From Pumpkin to BPO

Beyond these customer-interactive services, ITES also includes back office operations for remote customers. Imagine working for a company in the US or Australia, without applying for visas, passports, and leaving India’s ancient shores. What if the company could come to you? Back-office operations within the ITES segment imply just that. British Airways has its reservation system running out of India. All the top international banks channel their data-churning needs to units in India. American Express, HSBC, Standard Chartered, and several more find value in data-analysis, reconciliation, and other services provided on their data from India. This segment is and will remain the highest growth segment within ITES. This year alone, it is estimated to grow at 111% and also provides the largest number of jobs and opportunities. A new term, Business Process Outsourcing, or BPO, evolves from this. Experts feel that once clients feel comfortable and a relationship of trust is established, more value can be derived or generated in outsourcing further aspects of their standard business operations and practices to ITES companies. In the shrinking world thanks to telecommunications, internet, travel and the almost mono-culture that is sweeping the globe, smart companies are finding outsourcing back-office processes, and even their mainstream business processes, the ultimate balance-sheet weapon. Cinderella’s metaphoric pumpkin of back-office processing is turning into the chariot of BPO. It is this new development that jolts core IT companies and makes them want to embrace their neglected sibling.

Age of Contentment?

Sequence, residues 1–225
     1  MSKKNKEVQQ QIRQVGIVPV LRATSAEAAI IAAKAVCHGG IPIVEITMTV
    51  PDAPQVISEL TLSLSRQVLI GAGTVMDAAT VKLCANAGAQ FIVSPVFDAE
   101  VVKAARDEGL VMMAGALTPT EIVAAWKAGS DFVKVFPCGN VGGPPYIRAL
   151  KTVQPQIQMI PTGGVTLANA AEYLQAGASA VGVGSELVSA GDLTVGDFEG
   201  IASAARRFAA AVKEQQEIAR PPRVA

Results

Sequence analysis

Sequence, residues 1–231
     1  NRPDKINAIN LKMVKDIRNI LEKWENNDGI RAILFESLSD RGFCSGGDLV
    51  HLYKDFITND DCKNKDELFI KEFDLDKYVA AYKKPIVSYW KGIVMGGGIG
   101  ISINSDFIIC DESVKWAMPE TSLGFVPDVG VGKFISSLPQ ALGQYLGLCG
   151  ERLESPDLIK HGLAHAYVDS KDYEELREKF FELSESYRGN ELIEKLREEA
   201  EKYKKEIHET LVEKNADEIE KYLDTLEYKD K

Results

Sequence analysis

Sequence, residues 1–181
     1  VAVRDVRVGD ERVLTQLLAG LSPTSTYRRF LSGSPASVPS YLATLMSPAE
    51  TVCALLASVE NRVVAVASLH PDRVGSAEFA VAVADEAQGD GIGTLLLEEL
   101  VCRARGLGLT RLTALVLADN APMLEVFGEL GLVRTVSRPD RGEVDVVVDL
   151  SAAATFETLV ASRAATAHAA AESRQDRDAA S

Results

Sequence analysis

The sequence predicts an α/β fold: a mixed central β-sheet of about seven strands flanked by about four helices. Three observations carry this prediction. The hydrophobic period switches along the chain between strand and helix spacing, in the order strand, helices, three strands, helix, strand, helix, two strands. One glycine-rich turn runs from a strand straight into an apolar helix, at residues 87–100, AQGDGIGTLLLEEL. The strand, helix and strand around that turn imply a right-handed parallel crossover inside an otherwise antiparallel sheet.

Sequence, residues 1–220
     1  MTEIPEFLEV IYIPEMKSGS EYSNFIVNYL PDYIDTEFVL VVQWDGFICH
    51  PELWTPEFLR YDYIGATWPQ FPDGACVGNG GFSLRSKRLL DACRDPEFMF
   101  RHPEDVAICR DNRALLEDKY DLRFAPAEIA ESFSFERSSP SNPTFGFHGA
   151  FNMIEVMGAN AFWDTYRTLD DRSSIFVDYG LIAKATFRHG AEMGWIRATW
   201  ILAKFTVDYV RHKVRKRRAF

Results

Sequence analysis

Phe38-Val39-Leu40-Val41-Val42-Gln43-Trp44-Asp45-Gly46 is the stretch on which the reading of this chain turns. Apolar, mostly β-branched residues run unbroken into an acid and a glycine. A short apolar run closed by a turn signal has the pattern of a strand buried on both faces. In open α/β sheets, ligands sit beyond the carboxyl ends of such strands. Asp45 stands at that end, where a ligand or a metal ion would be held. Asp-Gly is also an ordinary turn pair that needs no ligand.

The new age of technology may well become the new age of irony. For instance, now that all the tools for creating content have been invented, people are needed even more to create and/or analyze that content. Engineering drawings, architectural data, CAD, CAM, 3D modeling, film animation, website development, image processing, and even huge blobs of satellite and other data used in Geophysical Information Systems (GIS), a highly specialized field of computing, needs humans. Some industry pundits predict that the biggest opportunity of this decade may just be the digitizing and converting of all our real world legacy data into digital data. Within this field nascent but significant initiatives are already making their mark. Specialized firms in Pune, Bangalore, Delhi, Mumbai, and other locations are digitizing and creating archival systems of books and literature for large international publishing houses and libraries. Ironic, because all the technology and techniques exist to digitize and encode the languages of the world, but sadly hardly any significant attempts are made in India to digitize its own legacy of literature and knowledge that spans several thousand years. The day this sleeping giant wakes up to its own needs, ITES would remain a sunrise industry-segment for a long time. Pentamedia is among the early pioneers of winning offshore animation projects for India. In the diverse field of content creation, other players include Crest Communications, Rolta, RMSI, Bechtel, Kvaerner, DPSL, MacMillian, and Techbooks, to name a few.